Although May does not develop this point, the enormous popularity of Mary Pickford is especially revealing of the power of the movie industry to absorb and deflect critical tendencies in the society and turn them toward the end of social control. The Progressive era witnessed the final achievement of such reforms as suffrage and protection for working women, for which feminists had struggled for generations. Feminism also inspired a new ideal of marriage to be based on equality between men and women, on intimacy and frankness, and even on sexual pleasure for both sexes. The women's movement, in spite of its puritanical side, had led the way in the late nineteenth-century "repeal of reticence." And small but significant feminist tendencies in Greenwich Village and elsewhere drew on psychoanalysis, as well as feminism, to encourage women's demand for sexual satisfaction within marriage. Of course, the most important reform associated with these ideas was the legitimation of birth control.

Mary Pickford's incredible popularity by the early 1920s reflected the extension of these admittedly new and somewhat elitist ideals to the U.S. working class. As these ideals were extended, they lost their meaning. The difficult goal of equality and sexual love within marriage, with all it demands both of individual personality and social order, was trivialized to become a more or less titillating romance, in which consuming objects and being watched had become the highest forms of excitement.

Pickford was "sweet" like her nineteenth-century predecessors but she was also a "new woman," a working girl. She wrote:

"I like to see my own sex achieve. My success has been due to the fact that women like the pictures in which I appear. I think I admire most in the world the girls who earn their own living. I am proud to be one of them."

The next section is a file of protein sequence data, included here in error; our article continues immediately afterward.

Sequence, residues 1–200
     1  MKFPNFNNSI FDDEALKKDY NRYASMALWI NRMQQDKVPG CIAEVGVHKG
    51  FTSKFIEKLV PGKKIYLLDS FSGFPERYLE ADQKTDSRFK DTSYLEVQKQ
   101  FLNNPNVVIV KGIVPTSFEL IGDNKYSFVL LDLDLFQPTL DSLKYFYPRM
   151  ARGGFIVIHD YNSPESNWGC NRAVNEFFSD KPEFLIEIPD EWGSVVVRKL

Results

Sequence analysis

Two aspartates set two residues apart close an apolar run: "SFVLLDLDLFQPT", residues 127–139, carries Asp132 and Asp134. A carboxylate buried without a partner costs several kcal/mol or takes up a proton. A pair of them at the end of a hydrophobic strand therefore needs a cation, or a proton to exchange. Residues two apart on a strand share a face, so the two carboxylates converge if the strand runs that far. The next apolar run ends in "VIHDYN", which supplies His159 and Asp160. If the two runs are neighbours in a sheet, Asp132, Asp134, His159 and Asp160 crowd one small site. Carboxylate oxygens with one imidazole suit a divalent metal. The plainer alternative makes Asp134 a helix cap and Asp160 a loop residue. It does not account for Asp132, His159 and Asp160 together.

As such, she broke from the Victorian mode of purity. Drawing on her work experience, she was aware of men, aware of sex, and even sometimes aware of social problems, as in her TESS OF THE STORM COUNTRY (1914), in which she led a poacher's rebellion against the local sheriff. Above all, however, like Fairbanks she maintained the image of perpetual youth. She wrote:

"We are our own sculptors. Who can deny that passion and unkind thoughts show on the lines and expressions of our faces young people seldom have these vices until they start getting old, so I love to be with them. The impulses of youth are natural and good."

The triumph of her career, like Fairbanks's, was not in any movie but in their modem marriage and their famous Hollywood estate, Pickfair. In May's description, Pickfair was

"… a consumer's paradise that resembled an innocent doll's house …  Swimming pools, gyms, fountains and cultivated lawns supplied a private 'vacation land.' Inside, the couple decorated each room in the motif of a foreign country, so that the movement from one part of the house to another provided exotic adventure. In this kingdom of eternal youth, Doug and Mary highlighted continual newness by dipping into their vast wardrobes of stylish clothes for each of the day's activities: work, sports, dining, dancing, and parties. It followed that whenever the two sat for photographs, their smiles radiated happiness. A typical reporter described the Pickfair life as 'the most successful and famous marriage that the world has ever known.'"